Part three of this four-part article demonstrates how Moody focuses on environmental stewardship outside of his business.

Part of the industry trend toward green cleaning is about meeting customer demand. But that isn’t the only reason. After all, Moody still has customers who hold a negative perception of green cleaning.

Moody, however, views his role as a small business owner and chemical supplier as an opportunity to affect social change and demonstrate good stewardship.

“It’s really been about practicing the Golden Rule, that you treat people the way you want to be treated, and doing that across the board with the way we operate our business,” he says. “If we can do this better and it’s not hurting us, it’s really the right thing to do.”

And hurt Solutex, it certainly has not. When there has been a cost increase associated with reformulating a product to meet Safer Choice or SDSI standards, Solutex decided not to pass on those cost increases to its customers, says James Fisher, national account executive.

“When I’m meeting with new potential clients, and I bring up the [Safer Choice] award and I show them everything,” says Fisher, “that means more to some people than cost.”

Cleaning efficacy still matters, as well, and Deihr says that improving the safety of Solutex’s chemicals has not affected its chemicals in that way.

“Charlie has been in business for a really long time,” she says. “And he is a very well-respected, honest man. And I think that his customers know that if he’s going to go this direction, they’re going to trust him to know that the products are going to be as great as they were before.”

There are even Styrofoam cups in various places around the Solutex office in which Moody is running cleaning experiments, testing the cleaning capability of the Safer Choice products, because, at the end of the day, these chemicals still need to work. And it’s for that reason that a number of chemicals Solutex sells are not capable of meeting Safer Choice standards, at least not yet. Some chemicals simply need to be caustic enough to do their jobs, says Moody.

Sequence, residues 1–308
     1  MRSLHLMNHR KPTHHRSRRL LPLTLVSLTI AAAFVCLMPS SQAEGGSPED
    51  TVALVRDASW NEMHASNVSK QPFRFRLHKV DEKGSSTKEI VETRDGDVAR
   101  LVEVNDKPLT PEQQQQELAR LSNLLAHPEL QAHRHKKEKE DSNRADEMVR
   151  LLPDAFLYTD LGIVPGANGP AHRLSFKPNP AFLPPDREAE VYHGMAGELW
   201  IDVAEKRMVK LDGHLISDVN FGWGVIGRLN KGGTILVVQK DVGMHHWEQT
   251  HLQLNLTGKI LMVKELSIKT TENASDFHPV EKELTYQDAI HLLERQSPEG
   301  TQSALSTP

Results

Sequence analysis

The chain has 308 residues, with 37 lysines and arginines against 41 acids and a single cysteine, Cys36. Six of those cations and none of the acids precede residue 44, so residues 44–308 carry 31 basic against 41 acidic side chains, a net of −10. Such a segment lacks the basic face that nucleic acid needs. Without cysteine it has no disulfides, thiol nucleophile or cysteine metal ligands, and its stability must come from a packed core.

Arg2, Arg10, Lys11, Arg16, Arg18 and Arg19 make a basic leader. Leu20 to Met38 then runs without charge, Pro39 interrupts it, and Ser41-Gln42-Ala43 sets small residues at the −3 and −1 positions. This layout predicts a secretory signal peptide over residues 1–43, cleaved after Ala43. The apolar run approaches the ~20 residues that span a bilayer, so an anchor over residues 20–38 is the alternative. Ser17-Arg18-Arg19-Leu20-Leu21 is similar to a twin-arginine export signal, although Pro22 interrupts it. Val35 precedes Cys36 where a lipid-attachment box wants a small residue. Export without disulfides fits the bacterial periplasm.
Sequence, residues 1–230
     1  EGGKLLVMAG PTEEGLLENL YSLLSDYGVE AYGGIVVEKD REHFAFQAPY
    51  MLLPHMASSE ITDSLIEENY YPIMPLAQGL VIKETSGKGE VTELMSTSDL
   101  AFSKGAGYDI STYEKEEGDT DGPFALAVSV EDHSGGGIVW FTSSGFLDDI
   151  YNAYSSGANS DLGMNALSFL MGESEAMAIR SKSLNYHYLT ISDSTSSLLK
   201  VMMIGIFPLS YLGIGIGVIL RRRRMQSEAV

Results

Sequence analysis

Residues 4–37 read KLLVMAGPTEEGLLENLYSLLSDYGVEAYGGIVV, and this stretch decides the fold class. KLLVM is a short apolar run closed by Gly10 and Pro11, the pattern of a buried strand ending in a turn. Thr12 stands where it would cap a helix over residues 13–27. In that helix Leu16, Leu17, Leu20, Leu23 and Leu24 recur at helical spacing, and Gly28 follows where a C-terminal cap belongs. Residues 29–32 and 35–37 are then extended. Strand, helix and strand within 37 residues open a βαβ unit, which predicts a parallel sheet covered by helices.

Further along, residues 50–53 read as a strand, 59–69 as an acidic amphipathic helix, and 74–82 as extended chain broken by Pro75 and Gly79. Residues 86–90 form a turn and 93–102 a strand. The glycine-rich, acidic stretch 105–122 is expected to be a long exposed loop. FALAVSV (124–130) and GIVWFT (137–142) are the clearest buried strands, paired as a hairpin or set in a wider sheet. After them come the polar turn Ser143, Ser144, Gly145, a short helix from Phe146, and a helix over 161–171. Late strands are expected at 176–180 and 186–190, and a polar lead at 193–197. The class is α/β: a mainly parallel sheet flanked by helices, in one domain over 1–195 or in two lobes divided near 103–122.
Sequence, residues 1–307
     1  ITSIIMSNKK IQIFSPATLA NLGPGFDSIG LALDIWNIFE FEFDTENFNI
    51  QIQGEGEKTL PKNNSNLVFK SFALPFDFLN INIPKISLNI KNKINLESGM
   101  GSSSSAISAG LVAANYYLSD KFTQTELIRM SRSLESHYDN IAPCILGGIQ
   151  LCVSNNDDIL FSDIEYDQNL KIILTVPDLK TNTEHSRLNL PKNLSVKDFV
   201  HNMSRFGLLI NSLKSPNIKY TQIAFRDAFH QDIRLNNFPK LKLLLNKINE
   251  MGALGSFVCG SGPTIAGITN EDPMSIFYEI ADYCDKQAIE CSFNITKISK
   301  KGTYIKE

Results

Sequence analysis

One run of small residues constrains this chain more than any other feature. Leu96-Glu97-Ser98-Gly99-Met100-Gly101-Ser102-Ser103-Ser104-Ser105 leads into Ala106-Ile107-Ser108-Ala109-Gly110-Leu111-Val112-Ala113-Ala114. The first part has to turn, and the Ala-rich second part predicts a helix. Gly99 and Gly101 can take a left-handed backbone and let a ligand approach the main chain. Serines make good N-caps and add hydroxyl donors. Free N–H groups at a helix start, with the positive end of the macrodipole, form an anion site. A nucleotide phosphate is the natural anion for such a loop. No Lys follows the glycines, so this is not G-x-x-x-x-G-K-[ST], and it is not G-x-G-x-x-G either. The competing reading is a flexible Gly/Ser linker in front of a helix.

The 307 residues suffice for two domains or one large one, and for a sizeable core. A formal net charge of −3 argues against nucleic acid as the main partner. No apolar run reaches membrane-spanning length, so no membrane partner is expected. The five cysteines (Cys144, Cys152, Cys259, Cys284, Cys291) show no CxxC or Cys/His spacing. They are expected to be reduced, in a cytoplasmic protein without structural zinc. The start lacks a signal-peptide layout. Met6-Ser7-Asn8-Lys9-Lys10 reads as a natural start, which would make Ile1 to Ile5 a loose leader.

Today, Moody’s view is summarized like this: Customers will come to him and ask if a product is “green.” He responds that it is “greener.”

“I never like to say something is totally green, because the word green makes it seem like you are finished there,” says Moody. “And I always say to them, ‘What’s green today — there will be products 10 years from now that are greener.’”

He shares that viewpoint with Williams, who says, “The goal is really safer products. You’ll note that I’m not saying ‘safe,’ I’m saying ‘safer.’”

Moody now applies his new philosophy to all parts of his life. Employees at Solutex say Moody and Monica have always been cognizant of their impact on the environment. They care. But, as they have gone down this green cleaning road, he, his wife and his team at Solutex have begun to live their lives “greener.”

An example of this was a recent Earth Day cleanup of a local creek organized by Solutex. For years, Moody had thought about doing a creek cleanup. He is an avid mountain biker and used to ride a trail that goes along that same creek. But it wasn’t until he began to see the impact a small company like his could make that he decided to organize the cleanup event. Impressed by Moody’s enthusiasm for environmental stewardship, Williams and her husband even spent time off the clock volunteering at the event.

Similarly, Moody isn’t content with the 20 Safer Choice-labeled chemicals in Solutex’s catalog. He plans to go down his product line and work toward certifying more, while also improving the safety of those products already worthy of the Safer Choice label.

“I’m not even embarrassed,” says Moody, “to tell people now that we sell chemicals.”

previous page of this article:
Solutex Embraces EPA’s Safer Choice Program
next page of this article:
Earning The EPA Safer Choice Label